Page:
The primary problem is that it gives complete control to a non-Muslim authority who’s using the Muslim to promote his/her own worldview. They are the bosses, the ones in charge, and if you disagree with their agenda they will weed you out. Hence more often than not, Muslims who enter the mainstream media are either selected for already having liberal views, or they are forced to conform their expressed views to the workplace norm such that they become neutered and ineffective. I believe people promoting this course of action think that if we get enough Muslims in, then eventually Muslims will take managerial positions and hence be able to promote more increasingly Islamic views. This is laughable.
I also feel that this endeavor is largely motivated by fear. Is this really what Muslims have been reduced to? Instead of calling to our way of life, we are trying to placate non-Muslims out of fear that they will round us up like the Japanese and German-Americans in World War 2. Many Muslims don’t talk about this, but it is a latent fear within us, especially the older generation who have come from war torn countries.
مَن كَانَ يُرِيدُ الْعِزَّةَ فَلِلَّهِ الْعِزَّةُ جَمِيعًا ۚ إِلَيْهِ يَصْعَدُ الْكَلِمُ الطَّيِّبُ وَالْعَمَلُ الصَّالِحُ يَرْفَعُهُ ۚ وَالَّذِينَ يَمْكُرُونَ السَّيِّئَاتِ لَهُمْ عَذَابٌ شَدِيدٌ ۖ وَمَكْرُ أُولَٰئِكَ هُوَ يَبُورُ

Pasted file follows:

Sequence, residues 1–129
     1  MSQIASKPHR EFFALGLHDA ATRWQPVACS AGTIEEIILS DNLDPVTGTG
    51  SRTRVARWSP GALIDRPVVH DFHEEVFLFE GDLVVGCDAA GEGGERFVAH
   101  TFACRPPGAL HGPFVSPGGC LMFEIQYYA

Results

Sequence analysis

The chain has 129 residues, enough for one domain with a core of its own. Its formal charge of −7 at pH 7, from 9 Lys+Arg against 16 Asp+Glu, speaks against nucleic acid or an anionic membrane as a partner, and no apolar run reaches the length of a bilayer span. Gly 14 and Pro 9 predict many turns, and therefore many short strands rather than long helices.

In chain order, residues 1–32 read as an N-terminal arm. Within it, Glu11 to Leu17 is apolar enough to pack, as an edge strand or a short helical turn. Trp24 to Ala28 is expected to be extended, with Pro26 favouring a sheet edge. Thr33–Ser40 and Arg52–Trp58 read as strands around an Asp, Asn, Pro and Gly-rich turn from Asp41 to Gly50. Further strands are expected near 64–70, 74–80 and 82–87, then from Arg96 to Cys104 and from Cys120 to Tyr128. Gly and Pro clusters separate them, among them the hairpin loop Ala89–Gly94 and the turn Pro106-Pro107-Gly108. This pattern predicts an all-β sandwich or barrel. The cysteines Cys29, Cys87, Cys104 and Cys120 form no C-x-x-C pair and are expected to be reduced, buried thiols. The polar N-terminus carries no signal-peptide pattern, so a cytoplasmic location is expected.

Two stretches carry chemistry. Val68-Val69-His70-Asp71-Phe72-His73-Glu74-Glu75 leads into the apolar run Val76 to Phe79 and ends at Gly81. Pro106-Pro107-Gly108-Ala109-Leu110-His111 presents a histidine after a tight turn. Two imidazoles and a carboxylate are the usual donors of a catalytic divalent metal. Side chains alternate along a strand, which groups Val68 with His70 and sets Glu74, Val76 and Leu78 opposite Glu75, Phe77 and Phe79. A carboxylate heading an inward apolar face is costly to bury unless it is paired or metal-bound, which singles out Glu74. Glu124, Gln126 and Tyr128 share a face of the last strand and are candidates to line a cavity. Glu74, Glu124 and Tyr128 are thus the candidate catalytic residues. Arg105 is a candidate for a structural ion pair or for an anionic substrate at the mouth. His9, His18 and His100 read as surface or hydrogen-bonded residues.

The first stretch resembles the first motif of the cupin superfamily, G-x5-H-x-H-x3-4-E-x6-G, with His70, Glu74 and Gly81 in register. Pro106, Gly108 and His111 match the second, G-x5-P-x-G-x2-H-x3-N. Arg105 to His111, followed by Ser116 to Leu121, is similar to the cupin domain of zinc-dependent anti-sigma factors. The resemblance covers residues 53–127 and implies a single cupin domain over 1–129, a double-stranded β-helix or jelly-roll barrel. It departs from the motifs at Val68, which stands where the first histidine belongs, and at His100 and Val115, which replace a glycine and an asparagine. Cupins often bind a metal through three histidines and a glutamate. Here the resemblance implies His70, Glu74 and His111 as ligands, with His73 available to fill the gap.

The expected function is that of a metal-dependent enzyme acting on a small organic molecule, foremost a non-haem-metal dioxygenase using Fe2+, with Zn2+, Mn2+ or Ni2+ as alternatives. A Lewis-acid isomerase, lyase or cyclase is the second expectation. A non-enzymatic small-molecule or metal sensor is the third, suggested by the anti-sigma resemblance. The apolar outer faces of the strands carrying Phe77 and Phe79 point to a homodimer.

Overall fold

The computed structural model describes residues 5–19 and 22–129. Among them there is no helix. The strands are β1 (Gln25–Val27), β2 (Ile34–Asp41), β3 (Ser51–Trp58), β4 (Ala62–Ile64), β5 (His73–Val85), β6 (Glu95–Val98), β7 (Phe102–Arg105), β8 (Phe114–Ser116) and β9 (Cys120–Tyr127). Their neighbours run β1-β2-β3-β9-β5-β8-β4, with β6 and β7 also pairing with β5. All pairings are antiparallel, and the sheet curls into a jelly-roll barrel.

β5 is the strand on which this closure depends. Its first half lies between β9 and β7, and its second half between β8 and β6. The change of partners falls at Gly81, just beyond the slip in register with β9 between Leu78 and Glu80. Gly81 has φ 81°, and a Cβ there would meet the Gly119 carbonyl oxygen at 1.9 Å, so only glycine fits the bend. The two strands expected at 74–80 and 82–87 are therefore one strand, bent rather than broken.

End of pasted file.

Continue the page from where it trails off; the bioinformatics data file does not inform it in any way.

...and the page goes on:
بسم الله الرحمن الرحيم
One of the important realizations of my life in recent times is that true knowledge has almost nothing to do with conceptual knowledge. Even the affirmation of the kalimah with words is ultimately of secondary importance; what is important is that the recognition of Allah in the heart.
يَوْمَ لَا يَنفَعُ مَالٌ وَلَا بَنُونَ إِلَّا مَنْ أَتَى اللَّهَ بِقَلْبٍ سَلِيمٍ
بسم الله الرحمن الرحيم
There’s a hadith that weighs heavily on my conscience as I begin this project (which will no doubt end with the epic defeat of atheism and the reign of God on earth!) It is as follows:
انما الاعمال بالنيات
Actions are only by their intentions.
When I first heard this hadith, it was kind of a feel good “oh that sounds nice and very prophety of the prophet to say,” then I kind of just went about my day. It was much later when the importance of this small little saying dawned on me. On a certain level this refers to an obvious ethical precept, namely that intent must be established for any crime or good deed. Even the legal system acknowledges this; if I push a person in front of a bus, then it’s not murder unless I did so intentionally. Heck you might push someone in front of a bus in an attempt to save their lives, but simply fail to do so.